Alopecia Areata: Diagnosis and Management

Medically Reviewed by Dr Sravya, MBBS, MS 

What exactly is alopecia areata?

Alopecia Areata is a type of hair loss disorder. The disease affects both men and women of  alll ages, including children. An autoimmune condition called alopecia areata makes your hair fall out frequently, hair loss in patches.

Alopecia areata

When the body’s immune system destroys hair follicles, it results in alopecia areata or baldness. Alopecia areata can affect any part of the
body where hair develops, like the scalp, brows, and eyelashes. To a varying extent, hair loss affects every individual. While some people just lose it in a few places, others lose it significantly. While some people have permanent hair growth, others can experience occasional hair fall and then regrowth.

This disorder comes in several forms. Although the primary form of alopecia areata is the most prevalent, there are other, more uncommon types of baldness:

How does Alopecia Areata appear?

Hair loss is the most common and frequently the only sign of alopecia areata. If you have experienced this disorder, you may have noticed:

There is no irritation or redness in the hairless regions of the skin. But you may experience tingling, itching, or burning sensations on your skin just before your hair falls out.

What is the Alopecia Areata diagnosis?

A dermatologist is a skin expert you should consult if you suspect alopecia areata. For the diagnosis of alopecia areata, the dermatologist will:

Occasionally, you could have a biopsy, in which case a little piece of skin from your scalp is taken and examined under a microscope. The causes of hair loss are numerous. Your doctor may conduct blood tests or skin testing for fungal infections in order to check for thyroid, hormone, or immune system problems.

Why does Alopecia Areata occur?

Your immune system attacks your body when you have an autoimmune illness. The hair follicles are the target of alopecia areata.

Doctors are baffled as to why this occurs. Yet they believe that people who develop it have a genetic predisposition to it. Then something happens that causes hair loss. Discover more about the causes of alopecia.

If you have any of the following conditions, you are more likely to develop alopecia areata:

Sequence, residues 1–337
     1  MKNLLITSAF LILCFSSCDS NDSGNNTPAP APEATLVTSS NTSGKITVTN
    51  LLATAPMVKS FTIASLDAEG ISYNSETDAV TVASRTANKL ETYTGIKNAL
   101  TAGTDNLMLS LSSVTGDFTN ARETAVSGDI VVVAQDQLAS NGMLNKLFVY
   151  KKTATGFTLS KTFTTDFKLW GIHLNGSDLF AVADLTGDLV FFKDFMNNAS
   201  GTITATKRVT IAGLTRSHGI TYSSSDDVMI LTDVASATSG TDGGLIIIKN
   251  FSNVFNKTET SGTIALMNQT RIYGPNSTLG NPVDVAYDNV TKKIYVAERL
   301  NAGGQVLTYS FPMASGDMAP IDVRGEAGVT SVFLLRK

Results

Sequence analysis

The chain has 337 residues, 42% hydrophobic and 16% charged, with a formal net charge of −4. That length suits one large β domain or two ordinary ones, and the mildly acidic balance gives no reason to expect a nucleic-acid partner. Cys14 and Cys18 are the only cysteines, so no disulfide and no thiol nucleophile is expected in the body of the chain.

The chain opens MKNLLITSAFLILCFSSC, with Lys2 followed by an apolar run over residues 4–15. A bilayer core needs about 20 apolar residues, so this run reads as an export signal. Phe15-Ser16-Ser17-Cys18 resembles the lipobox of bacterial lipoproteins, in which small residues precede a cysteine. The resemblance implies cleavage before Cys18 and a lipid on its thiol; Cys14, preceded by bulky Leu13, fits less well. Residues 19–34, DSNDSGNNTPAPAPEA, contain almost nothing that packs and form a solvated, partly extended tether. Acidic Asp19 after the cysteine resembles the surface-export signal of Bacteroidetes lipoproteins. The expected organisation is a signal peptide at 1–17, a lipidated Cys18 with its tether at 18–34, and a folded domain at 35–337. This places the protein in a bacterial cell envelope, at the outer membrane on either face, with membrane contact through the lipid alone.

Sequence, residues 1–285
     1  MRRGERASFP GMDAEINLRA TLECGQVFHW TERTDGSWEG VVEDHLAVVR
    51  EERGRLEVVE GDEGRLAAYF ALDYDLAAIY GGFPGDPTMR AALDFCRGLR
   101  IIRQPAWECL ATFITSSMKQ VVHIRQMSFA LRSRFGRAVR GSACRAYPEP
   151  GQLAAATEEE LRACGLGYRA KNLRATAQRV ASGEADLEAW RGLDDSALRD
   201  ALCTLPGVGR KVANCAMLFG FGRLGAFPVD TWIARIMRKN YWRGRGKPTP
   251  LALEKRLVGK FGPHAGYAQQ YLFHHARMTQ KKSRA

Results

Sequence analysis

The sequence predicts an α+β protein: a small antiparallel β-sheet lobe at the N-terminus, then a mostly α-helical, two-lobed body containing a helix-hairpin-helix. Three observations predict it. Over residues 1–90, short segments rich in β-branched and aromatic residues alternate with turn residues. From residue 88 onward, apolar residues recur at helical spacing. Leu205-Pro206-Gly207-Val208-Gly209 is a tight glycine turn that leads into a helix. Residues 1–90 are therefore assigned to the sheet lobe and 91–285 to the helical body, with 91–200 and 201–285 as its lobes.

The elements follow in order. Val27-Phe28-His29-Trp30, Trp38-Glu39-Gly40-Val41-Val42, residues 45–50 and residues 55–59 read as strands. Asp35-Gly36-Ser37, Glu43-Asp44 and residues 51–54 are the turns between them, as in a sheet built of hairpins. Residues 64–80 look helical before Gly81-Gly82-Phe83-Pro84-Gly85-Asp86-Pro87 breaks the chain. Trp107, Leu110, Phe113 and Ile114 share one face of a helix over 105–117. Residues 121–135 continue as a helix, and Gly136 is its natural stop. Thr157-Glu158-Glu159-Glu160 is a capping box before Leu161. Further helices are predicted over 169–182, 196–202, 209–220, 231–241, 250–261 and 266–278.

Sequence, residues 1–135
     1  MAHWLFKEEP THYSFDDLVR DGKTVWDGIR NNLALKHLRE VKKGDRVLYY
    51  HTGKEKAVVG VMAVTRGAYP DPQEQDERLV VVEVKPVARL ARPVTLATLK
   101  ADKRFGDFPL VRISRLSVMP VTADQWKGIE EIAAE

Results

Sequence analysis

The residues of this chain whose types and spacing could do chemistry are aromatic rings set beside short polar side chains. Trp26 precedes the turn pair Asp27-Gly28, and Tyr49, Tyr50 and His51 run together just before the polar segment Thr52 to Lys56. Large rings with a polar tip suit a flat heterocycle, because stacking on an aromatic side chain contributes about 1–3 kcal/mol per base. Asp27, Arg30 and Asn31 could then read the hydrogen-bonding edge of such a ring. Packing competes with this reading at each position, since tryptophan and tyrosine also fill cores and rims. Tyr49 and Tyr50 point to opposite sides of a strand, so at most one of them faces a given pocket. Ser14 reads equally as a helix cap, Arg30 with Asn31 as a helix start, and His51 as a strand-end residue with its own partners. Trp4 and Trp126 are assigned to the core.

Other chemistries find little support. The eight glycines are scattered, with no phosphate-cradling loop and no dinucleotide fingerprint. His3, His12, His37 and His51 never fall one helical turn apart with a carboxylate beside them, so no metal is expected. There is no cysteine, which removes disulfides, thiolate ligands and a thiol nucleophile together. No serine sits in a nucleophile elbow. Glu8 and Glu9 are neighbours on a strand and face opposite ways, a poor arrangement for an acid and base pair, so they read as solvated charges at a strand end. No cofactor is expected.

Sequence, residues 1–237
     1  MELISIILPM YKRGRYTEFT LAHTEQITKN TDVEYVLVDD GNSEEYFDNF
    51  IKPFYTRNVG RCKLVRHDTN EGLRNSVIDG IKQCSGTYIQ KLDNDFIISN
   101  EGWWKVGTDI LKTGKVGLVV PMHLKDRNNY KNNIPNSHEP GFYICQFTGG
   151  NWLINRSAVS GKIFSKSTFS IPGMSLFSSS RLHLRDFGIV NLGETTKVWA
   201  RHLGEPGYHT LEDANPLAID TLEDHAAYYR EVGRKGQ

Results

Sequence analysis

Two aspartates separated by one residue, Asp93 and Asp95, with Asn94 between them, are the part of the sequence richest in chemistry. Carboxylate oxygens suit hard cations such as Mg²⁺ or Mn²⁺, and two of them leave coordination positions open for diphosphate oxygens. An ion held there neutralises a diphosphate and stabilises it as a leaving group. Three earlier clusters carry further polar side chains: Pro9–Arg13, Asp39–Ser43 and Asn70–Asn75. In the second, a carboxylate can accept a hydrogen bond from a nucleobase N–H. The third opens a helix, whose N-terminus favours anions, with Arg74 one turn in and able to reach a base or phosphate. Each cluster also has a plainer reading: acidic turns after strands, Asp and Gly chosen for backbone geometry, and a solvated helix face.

What is the Alopecia Areata management?

Curing alopecia areata is impossible. But it is treatable, and hair can regrow. There are various things you may try if you have it:


These anti-inflammatory medications are recommended for patients with autoimmune illnesses. They may be injected into the scalp or other locations. Moreover, they can be taken as pills or used topically as an ointment, cream, or foam. The drawback is that it could take a while to start working.

Topical immunotherapy

This is useful when there is a lot of hair loss or if it occurs more than once. Chemicals are administered to the scalp to cause an allergic response. If it works, this response is what causes the hair to grow back. It also creates an itching rash and must typically be repeated numerous times to maintain the new hair growth.

Minoxidil (Rogaine)

This scalp therapy is already being used to treat pattern baldness. Hair growth usually takes around 12 weeks, and some users are unhappy with the results. Learn more about which forms of alopecia react best to minoxidil.

Other treatments

Medications used to treat other autoimmune conditions and topical sensitizers (drugs that are Applied to the skin and cause an allergic reaction that can cause hair growth) can also be used To treat alopecia areata. These medications have varying degrees of efficacy in regrowing

How can you manage Alopecia Areata with home care?

Besides pharmacological treatments, patients with alopecia might attempt a variety of Aesthetic and defensive approaches.

What is the outlook for Alopecia Areata?

Alopecia areata is not a life-threatening medical illness, but it can cause a great deal of anxiety and grief. There are support groups available to assist you in dealing with the psychological repercussions of the disease. 

If you lose all of your hair, it may regrow. If it doesn’t, several options exist for concealing your hair loss and protecting your scalp.

Always consult a doctor if you detect sudden hair loss. Apart from alopecia areata, there
might be other causes.

Frequently Asked Questions about Alopecia Areata

No, alopecia areata is never contagious.

No, fungal infections are not classified as sexually transmitted infections. However, sexual activity can sometimes upset the natural balance, increasing the risk of infection.

There is some evidence that alopecia areata may be inherited. At least one additional member
of the family is afflicted in 20% of alopecia areata sufferers. It has also been shown that
members of the same family have a greater incidence of immune system problems.

No. It is difficult to anticipate when and if someone may be impacted by Alopecia Areata. As
a result, no protection is possible.

Alopecia areata sufferers are frequently in good physical health. Hair loss, on the other hand,
is always an emotional burden. Psychological troubles are usually associated with hair loss,
and they might increase as the hair loss develops. It is important to seek the advice of a
professional to deal with the emotional distress caused by baldness. Many people are

confident and content with their illnesses. In certain circumstances, however, psychological
assistance is essential to acquiring the requisite degree of self-esteem.

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